Newton said the studio exec began “reeling off” racist stereotypes.

Jul 08, 2020 @ 1:07 pm
thandie newton "charlie's angels" role
Credit: Axelle/Bauer-Griffin, Getty Images

In a new interview with Vulture, Thandie Newton got candid about her several experiences with misogyny and racism in Hollywood, including an incident in which a racist encounter with a studio exec led her to drop out of Charlie’s Angels.

Newton recounts, “The head of the studio—I had a meeting with her, and she said, ‘Look, I don’t mean to be politically incorrect, but the character as written and you playing the role, I just feel like we’ve got to make sure that it’s believable.” 

When Newton challenged the exec about “believability”—clearly an epithet for something more sinister—the studio head responded, ‘Well, you know, the character, as written, she’s been to university and is educated.’ I’m like, ‘I’ve been to university. I went to Cambridge.’ She went, ‘Yeah, but you’re different.’”

The exec in question was former head of Sony Pictures Amy Pascal, who stepped down from her position in 2015 following the studio’s infamous email hack. The hack leaked several racist emails between Pascal and producer Scott Rudin, including an exchange in which they “speculated on Barack Obama’s movie taste, wondering if he preferred those starring Black people,” according to Vulture

During their meeting, the Westworld actor said that Pascal began “reeling off these stereotypes of how to be more convincing as a Black character.”

When Newton refused those suggestions, she said that Pascal repeated, “Yeah, but you’re different.”

Newton’s decision to drop out of the role (which she didn’t specify, but we’re guessing was the role of Alex, which ultimately went to Lucy Liu) was compounded by the sexual objectification she felt by the film’s director, McG. Newton’s history of sexual abuse at the hands of director John Duigan when she was a teenager made her especially wary of being on unsafe film sets.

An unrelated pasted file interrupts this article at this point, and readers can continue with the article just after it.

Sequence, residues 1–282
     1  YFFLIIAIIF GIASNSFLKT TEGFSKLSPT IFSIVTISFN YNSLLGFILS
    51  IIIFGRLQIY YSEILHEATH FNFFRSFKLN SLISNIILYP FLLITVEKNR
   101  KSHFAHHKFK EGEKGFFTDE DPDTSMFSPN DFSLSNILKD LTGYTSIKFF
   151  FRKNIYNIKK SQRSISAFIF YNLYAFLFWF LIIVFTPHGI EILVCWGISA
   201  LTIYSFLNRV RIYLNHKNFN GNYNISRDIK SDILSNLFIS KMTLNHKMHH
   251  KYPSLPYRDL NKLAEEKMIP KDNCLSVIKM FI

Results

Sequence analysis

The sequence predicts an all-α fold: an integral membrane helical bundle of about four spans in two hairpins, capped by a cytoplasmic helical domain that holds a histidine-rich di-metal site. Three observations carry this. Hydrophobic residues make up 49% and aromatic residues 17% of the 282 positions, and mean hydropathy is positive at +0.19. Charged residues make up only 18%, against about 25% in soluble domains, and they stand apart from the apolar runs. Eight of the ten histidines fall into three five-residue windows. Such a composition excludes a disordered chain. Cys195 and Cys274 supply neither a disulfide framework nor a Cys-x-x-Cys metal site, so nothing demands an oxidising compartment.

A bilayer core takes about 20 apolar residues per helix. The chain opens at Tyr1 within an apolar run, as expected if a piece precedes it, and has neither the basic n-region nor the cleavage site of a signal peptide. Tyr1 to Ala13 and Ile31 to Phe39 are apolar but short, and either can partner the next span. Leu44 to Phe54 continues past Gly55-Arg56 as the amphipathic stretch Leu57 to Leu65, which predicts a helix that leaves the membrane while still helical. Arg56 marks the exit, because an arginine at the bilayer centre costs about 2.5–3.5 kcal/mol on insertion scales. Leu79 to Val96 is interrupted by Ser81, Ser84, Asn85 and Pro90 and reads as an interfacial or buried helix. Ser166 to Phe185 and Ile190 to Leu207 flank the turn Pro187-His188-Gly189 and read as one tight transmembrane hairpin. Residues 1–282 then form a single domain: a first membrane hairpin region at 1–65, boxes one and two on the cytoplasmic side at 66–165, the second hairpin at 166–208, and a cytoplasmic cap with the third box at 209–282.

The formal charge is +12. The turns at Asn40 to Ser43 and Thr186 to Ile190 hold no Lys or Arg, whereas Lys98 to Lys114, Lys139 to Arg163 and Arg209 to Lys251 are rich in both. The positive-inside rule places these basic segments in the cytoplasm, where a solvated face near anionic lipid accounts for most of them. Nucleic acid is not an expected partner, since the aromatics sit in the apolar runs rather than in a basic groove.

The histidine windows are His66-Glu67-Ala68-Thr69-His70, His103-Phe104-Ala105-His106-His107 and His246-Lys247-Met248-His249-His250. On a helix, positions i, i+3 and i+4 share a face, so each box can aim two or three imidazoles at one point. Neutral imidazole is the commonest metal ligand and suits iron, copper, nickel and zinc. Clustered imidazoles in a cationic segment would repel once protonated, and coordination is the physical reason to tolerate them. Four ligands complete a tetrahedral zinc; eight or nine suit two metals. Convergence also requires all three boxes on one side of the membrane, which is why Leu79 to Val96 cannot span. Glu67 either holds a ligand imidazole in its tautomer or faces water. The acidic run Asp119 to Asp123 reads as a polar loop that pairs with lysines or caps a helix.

“I just couldn’t do it,” Newton told Vulture. “I felt scared. Did I feel scared? That’s not true. Look, no one was ever going to sexually abuse me again. But I didn’t want to be put in a position where I was objectified. That just didn’t feel good.”

Newton’s experiences with racism, sexual objectification, and harassment in Hollywood were not limited to her encounters with Pascal, McG, and Duigan. She mentioned a few other incidents in the Vulture interview, but she collects all of the “grossness” that happens in her “little black book, which she said will be published on my deathbed.” As a young Black woman, Newton said, she “absolutely [felt like I was] being passed around.” 

In reflecting on “feeling disenfranchised” as a Black female actor, Newton said, “What I am evidence of is: You can dismiss a Black person."

"If you’re a young Black girl and you get raped, in the film business, no one’s going to fucking care," she said. "You can tell whoever the fuck you want, and they’ll call it an affair. Until people start taking this seriously, I can’t fully heal...There is now an appetite for listening to women, but there’s women and then, right at the bottom of the pile, is women of color.”  

“So careful what you do, everybody, because you might find yourself fucking over a little Brown girl at the beginning of a career, when no one knows who she is and no one gives a fuck. She might turn out to be Thandie Newton winning Emmys.”